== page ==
Have you seen the jazz yesterday?
Maybe it is unfair to say “there was a time when more jazz was featured on TV”. I would not really know, because I stopped watching TV a while ago. Of course here in switzerland there is still some jazz on the public TV, late at night at some time.
But in the 1980s there was still some jazz to be seen and witnessed by people who did not expect to be treated with jazz when they turned on the TV. There were some broadcasts on swiss TV which you could say were in some kind of “magazine” format. Maybe some news from different regions, a talkshow guest, a funny report — you get the picture. At the end they always had a short slot for musical artists of every genre that happened to be in Switzerland – just a few minutes to promote their tour.
My friend, the late jazz researcher Otto Flückiger, must have scanned the TV program magazines every week to see if an interesting (interesting to him that is) band or musician would appear – since he managed to tape quite a lot of this jazz, blues and soul bits. I am offering you a little potpourri here of different things you could see – if you were aware when and where to look.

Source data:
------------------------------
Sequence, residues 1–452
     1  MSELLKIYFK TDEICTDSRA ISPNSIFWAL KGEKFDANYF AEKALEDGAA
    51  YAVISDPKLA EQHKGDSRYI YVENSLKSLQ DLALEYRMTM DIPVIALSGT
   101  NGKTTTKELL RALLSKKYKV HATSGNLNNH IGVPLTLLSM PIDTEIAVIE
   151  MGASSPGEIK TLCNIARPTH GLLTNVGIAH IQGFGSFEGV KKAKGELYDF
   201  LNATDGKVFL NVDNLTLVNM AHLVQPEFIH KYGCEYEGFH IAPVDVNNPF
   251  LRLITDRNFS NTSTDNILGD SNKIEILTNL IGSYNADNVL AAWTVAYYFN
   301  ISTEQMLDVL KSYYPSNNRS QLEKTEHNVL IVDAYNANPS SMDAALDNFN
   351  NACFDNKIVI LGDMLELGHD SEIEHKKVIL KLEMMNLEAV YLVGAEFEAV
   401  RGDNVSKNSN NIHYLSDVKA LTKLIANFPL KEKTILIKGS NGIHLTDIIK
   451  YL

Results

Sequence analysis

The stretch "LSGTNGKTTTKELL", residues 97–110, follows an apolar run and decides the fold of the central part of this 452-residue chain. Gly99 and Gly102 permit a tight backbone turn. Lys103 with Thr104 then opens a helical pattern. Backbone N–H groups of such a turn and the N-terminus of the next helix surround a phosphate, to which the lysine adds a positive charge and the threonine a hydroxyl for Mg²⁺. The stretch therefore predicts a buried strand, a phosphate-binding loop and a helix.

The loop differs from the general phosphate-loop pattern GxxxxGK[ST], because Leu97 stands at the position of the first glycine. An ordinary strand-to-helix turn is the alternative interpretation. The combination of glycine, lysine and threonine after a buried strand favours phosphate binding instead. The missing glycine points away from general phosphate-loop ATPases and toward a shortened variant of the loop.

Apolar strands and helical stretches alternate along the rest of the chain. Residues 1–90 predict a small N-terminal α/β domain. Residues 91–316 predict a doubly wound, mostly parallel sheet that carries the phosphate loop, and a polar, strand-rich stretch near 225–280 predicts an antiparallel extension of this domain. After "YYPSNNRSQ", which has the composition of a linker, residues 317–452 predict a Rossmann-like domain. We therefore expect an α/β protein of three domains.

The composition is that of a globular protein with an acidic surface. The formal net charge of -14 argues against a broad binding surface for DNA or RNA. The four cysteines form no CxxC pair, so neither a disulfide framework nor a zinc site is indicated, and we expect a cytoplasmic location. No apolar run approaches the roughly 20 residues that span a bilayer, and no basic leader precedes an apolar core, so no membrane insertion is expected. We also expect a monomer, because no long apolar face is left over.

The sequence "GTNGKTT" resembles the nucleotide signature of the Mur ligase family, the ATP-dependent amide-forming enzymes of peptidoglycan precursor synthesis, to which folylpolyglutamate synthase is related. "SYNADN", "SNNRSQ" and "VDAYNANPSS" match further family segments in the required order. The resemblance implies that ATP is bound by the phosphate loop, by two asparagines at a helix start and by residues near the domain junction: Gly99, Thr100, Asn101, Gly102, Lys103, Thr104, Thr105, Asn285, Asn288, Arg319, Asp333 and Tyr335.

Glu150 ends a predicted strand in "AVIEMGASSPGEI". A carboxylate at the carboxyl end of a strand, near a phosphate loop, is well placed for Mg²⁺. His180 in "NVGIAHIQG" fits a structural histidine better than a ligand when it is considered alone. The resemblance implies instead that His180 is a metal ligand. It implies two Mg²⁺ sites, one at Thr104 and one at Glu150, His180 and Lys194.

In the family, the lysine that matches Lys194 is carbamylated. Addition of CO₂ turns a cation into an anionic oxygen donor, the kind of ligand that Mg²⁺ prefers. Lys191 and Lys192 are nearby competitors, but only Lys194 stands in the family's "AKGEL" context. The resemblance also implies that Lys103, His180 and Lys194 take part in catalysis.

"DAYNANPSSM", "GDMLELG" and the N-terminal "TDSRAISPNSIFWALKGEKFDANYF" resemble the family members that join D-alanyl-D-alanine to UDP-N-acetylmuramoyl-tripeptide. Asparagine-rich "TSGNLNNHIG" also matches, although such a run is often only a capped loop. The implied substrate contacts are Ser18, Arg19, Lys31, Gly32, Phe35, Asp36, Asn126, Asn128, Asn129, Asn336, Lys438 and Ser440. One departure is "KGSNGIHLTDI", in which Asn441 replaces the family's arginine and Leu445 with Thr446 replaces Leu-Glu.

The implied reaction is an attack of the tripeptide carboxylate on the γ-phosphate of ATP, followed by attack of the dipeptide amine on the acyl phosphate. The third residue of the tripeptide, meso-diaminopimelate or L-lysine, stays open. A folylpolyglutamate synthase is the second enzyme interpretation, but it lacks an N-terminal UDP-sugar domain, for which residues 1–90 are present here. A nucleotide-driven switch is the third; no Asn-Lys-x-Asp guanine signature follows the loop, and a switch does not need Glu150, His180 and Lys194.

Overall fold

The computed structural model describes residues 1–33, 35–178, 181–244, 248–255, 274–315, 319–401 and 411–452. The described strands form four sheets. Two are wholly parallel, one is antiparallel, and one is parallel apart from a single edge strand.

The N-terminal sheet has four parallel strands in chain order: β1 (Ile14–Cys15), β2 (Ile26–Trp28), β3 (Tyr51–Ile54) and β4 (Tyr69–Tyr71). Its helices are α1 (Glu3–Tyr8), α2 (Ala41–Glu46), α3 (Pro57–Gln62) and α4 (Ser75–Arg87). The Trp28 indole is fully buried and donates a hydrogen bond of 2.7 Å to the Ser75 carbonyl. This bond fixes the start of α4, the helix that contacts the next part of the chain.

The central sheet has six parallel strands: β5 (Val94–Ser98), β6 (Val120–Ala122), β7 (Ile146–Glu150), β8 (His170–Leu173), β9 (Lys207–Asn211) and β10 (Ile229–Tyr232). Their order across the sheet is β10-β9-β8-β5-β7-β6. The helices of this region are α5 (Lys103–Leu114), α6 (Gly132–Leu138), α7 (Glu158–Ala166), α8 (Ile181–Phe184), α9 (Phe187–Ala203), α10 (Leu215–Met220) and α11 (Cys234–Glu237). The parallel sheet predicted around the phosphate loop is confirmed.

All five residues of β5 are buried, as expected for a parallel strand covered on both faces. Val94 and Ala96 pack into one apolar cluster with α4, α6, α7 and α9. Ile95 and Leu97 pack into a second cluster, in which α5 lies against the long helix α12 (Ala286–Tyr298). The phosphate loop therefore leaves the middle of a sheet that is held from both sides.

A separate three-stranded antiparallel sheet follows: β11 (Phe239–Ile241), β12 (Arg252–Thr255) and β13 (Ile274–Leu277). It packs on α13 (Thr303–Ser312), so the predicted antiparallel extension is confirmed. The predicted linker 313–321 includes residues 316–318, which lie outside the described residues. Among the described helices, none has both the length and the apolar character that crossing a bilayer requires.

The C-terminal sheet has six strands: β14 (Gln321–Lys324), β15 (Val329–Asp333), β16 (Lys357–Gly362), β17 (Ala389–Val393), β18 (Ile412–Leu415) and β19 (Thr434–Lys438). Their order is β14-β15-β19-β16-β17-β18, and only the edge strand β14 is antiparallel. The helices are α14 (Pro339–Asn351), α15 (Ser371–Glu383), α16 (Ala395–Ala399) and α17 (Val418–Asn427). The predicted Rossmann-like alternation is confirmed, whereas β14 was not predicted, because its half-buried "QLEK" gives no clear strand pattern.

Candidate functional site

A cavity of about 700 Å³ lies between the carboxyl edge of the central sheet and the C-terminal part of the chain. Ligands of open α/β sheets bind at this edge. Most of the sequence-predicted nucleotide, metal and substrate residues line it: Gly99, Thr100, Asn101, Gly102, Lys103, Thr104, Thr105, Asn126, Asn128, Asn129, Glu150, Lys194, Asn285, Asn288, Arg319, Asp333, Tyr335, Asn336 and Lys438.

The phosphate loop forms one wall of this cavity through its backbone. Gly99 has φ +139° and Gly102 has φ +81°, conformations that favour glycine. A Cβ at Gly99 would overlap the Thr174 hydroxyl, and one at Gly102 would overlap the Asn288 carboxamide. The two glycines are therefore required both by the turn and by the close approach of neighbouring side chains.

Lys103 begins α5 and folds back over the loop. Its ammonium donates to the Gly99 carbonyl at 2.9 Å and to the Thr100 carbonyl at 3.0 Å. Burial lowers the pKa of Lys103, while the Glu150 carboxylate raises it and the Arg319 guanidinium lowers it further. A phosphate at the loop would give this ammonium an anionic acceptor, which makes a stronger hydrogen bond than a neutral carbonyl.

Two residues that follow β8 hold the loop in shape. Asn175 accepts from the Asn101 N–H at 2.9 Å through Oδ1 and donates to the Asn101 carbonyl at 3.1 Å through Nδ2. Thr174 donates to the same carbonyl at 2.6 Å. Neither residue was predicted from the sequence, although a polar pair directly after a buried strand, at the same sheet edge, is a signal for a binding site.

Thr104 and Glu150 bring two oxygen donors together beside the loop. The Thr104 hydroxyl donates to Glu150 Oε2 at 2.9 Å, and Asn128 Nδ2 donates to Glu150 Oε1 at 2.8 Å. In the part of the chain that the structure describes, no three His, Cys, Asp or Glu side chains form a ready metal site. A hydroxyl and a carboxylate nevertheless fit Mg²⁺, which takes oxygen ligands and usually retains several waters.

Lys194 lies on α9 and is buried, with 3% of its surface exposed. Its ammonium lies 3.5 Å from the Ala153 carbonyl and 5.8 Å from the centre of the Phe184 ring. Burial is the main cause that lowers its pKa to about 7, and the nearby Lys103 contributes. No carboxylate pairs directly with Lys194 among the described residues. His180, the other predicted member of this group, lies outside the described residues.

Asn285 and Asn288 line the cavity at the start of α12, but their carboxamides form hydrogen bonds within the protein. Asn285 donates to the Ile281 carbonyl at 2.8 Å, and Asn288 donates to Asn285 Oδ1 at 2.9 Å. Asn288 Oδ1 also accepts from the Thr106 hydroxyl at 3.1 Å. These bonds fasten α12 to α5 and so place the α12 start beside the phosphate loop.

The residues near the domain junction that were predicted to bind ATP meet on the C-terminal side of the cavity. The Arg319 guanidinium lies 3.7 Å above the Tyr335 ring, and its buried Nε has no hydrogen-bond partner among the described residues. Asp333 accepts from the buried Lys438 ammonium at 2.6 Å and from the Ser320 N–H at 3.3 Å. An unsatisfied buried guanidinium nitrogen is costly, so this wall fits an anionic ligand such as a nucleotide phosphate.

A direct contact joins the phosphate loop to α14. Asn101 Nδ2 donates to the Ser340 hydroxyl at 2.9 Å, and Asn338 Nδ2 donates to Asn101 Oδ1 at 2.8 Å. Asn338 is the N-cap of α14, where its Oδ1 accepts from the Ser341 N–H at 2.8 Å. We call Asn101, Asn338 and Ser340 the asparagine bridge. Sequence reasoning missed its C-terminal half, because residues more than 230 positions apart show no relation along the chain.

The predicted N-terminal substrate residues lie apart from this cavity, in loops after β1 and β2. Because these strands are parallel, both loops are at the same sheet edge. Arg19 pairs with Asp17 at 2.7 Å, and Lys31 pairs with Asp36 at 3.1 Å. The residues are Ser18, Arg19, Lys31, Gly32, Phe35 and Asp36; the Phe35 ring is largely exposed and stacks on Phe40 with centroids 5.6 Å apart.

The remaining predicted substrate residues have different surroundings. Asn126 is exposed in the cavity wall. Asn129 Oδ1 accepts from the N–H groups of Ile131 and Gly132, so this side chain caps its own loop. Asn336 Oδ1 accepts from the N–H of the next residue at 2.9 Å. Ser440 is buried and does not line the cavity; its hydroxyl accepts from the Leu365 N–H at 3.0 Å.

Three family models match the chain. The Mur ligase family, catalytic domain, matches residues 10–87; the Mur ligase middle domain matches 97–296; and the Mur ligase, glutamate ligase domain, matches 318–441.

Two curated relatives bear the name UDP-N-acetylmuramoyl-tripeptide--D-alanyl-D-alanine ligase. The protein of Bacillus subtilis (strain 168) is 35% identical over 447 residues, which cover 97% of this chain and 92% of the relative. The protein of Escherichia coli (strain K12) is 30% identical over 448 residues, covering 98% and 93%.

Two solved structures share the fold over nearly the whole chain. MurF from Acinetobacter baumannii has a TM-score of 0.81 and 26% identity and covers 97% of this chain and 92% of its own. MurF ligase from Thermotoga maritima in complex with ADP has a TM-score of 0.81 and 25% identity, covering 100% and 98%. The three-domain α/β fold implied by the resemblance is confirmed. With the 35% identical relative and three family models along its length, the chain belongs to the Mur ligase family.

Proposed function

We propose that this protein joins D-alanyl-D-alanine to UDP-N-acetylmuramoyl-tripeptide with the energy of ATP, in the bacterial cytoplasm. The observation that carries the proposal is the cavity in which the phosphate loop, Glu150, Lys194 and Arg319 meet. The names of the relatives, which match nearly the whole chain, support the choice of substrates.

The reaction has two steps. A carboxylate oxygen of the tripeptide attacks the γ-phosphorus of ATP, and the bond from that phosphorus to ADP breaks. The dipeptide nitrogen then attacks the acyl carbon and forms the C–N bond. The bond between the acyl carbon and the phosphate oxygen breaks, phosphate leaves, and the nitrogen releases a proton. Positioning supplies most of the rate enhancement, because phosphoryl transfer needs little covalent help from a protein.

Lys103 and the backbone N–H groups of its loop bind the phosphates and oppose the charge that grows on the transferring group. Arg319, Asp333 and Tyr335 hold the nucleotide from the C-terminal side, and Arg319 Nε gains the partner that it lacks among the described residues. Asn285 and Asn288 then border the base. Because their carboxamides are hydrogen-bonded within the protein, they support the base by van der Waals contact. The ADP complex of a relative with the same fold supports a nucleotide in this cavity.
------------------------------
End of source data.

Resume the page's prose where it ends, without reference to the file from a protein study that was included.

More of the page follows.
I start with the one that was a big surprise for me, because I did not really know what Chico Hamilton had been doing after his sixties albums for Impulse. Do I hear a lot of Ornette Prime Time influence in his undated (mid-eighties) visit in a swiss TV studio? Does anyone know the band members besides Chico?
I know I should be shot for forgetting the title of the next one, a standard, played here by Lou Donaldson’s band in a very fast tempo in a 1987 clip. Reader Trane tells me it’s “Wee” – and of course it is. Thanks! He also had the band member’s names: Donaldson (as), Herman Foster (p), Clarence Seay (b) and Fukushi Tanaka (dr).
And now some soulful efforts of lip synching by the one and only Solomon Burke. This seems to come from 1985, when Burke’s version of “When a Man Loves a Woman” appeared. I am no expert on Burke, so I do not know the name of the second track Burke is moving his lips to.
Back to Jazz, here is Eddie Harris on tenor sax and piano and his quartet playing “Ambidextrous” in a 1987 clip from swiss TV. It’s a rare instant when titles are mentioned on these occasions. Again: If you know who is playing in this band, please let me know.
Really the worst treatment was what Abdullah Ibrahim got. In this nonetheless beautiful clip from 1987 the name of the beautiful composition is not told, and Ibrahim has just two and a half minutes to present the beauty of his music.
Enjoy – there may be more of this to come!